Does anyone else do this? Go in for physical activity because it seems the lesser of available evils? I took Charles and Buster for a walk on Tuesday afternoon, fever, chills, dizzy spells and all because I thought that if I hung around the house with them, the mayhem would be uncontrollable. After all, Tony was out that entire evening for a meeting, so I had to have some way to live through the chaos of a rambunctious almost-two-year-old and a crazy dog. It’s not so much that they’re all over the place (they are), tearing down toys, throwing stuff, begging for more food (dog and boy), it’s that Charles is getting big, and I just can’t handle picking him up all that much anymore. He weighs something like 33 or 34 pounds and my back hasn’t been in good shape for a long time. And he wants up ALL THE TIME. Up to look on the top shelf of the fridge, up to open the microwave for you, up to sit in your lap for a story. Up because I can’t get him to come my way for something and I need him to so he must be picked up or risk being dragged bodily across the pavement. And if he doesn’t go up when he wants to, or does go up when he doesn’t want to, the tantrums ensue. Totally normal, I’m told, as he tries to assert his will on the world. But a tantrum involves a time-out, which involves me picking him up and putting him in a timeout (I know some people have children who voluntarily go to time out. Charles is not one who submits to just punishment easily), which sort of defeats the purpose of not picking him up, you know? In the end, staying home = exhausting.

So I took them on a walk. And that’s when I realized that I probably shouldn’t have even driven to pick Charles up from the daycare, because man, was I drunk on cold virus. Was that walk a stupid thing to do? Probably, but the cold had moved from being a vile portent of doom to a lesser annoyance involving massive amounts of snot and a funny voice by the next morning. So my W/L record with mild exercise when sick is 1-0. We’ll see how this works out the next time I am sick.

Incidentally, my W/L record with exercise while hungover is 0-1. As a senior in college, a couple of friends and I lived off-campus in a nice little house in an old neighborhood with wobbly, old sidewalks, bulging with 50-year-old tree roots underneath (one of which ate into our sewer pipe within a month of us renting the house, causing the sewer to back up into the basement – it had apparently happened before, but the previous tenants didn’t see fit to report it to their landlord. I guess they liked living with the smell of the muck? And these people went to Whitman?). So, it was winter, and I’d partied the night before, likely at The Green or the Sig House, and I decided I needed to go for a run. Long, blue spandex under shorts (the blue spandex later had a second life in my Supergirl costume for the Beer Mile later that academic year), a sweatshirt, and a hat and I ventured out into the 25-degree weather. Only to bite it on the sidewalk a few blocks from the house. The gouge in my knee took four weeks to heal and went through an awful pussy, green stage that my poor mother had trouble looking at when I was home for Christmas break. I finished the run, though, because you don’t bleed very quickly when you’re freezing and dehydrated (the hangover cloud has its silver lining, too). I still have a scar.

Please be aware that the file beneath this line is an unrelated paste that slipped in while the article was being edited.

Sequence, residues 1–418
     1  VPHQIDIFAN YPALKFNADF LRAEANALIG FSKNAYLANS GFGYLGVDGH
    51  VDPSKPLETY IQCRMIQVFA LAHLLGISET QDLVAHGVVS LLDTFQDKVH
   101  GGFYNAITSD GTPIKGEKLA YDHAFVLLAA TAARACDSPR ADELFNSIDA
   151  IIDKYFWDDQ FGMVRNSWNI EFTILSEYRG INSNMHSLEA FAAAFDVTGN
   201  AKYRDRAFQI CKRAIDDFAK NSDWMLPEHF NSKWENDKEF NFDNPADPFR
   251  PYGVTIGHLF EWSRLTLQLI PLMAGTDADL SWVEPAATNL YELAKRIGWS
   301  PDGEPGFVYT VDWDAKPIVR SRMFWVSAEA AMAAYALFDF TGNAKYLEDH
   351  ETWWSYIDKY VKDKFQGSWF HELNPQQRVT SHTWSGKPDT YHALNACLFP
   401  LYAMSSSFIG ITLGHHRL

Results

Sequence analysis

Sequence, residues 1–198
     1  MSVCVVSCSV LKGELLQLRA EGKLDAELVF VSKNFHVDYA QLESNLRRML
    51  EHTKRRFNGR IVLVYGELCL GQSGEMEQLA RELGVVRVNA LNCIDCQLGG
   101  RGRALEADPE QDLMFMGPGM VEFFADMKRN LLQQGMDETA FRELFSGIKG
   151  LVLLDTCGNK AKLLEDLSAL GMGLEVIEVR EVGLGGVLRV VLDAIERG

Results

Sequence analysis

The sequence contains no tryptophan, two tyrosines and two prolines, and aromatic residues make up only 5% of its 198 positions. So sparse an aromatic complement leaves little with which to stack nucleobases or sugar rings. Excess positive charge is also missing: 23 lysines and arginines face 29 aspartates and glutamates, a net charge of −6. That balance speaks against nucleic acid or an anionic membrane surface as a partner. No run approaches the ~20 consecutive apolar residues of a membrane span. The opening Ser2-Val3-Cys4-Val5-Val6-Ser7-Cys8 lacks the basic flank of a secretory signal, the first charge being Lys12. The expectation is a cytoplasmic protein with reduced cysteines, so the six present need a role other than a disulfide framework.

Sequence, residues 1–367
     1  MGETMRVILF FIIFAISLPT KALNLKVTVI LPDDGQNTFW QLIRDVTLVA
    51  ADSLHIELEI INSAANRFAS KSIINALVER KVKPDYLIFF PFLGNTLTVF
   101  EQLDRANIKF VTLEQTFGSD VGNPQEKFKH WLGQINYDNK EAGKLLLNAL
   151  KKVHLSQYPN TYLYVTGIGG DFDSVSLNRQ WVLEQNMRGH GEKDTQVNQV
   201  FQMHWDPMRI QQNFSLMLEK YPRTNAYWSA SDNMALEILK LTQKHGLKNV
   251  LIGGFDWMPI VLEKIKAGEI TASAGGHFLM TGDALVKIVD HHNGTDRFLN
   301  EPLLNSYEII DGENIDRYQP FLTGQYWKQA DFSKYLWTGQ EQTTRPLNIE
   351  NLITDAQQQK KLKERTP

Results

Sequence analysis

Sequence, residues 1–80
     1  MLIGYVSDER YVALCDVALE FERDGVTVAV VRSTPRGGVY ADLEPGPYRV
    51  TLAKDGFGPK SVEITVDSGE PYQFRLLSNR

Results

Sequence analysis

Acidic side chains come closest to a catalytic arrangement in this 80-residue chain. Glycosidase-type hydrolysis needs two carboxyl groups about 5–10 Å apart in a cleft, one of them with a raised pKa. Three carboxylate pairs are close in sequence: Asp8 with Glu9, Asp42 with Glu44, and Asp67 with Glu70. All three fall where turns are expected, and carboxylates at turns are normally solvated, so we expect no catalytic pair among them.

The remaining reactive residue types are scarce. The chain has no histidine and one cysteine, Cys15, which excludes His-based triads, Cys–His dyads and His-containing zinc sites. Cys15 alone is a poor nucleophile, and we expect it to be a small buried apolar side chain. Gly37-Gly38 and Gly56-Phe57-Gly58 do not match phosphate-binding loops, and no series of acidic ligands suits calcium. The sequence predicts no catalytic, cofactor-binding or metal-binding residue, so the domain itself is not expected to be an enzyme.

So, yeah, I’ve been trying to get back into the fitness thing since Tuesday, but when my alarm rang at quarter to six this morning, I just turned it off. After all, I’m still recovering, right? The snot production part of my body seems to agree. But then I read this, and that part about endangering future children if I don’t get back to pre-pregnancy weight really has me freaked. I know I complain about my weight a bunch, but I have one of those bodies that is not very nice if it isn’t truly skinny – the weight I gain goes directly to my hips, butt, thighs, face, and now (thanks, Charles) stomach, leaving my boobs looking even punier by comparison. But besides the vanity (which I was totally able to forget while I was pregnant, only to learn from this article that Charles will probably battle obesity his entire life because I gained a bunch of weight during the first two trimesters, which you’re not supposed to do, and kept gaining for a total of 50lbs weight gain, OMG), now I have to worry about my future children? How unfair. I am currently researching diets. And motivators, because I truly lack the drive to get up any earlier than 7 am. What motivates you to get out of bed early? How did you lose the baby weight (if weight retained two years after the birth of said “baby” can even be classified as such)?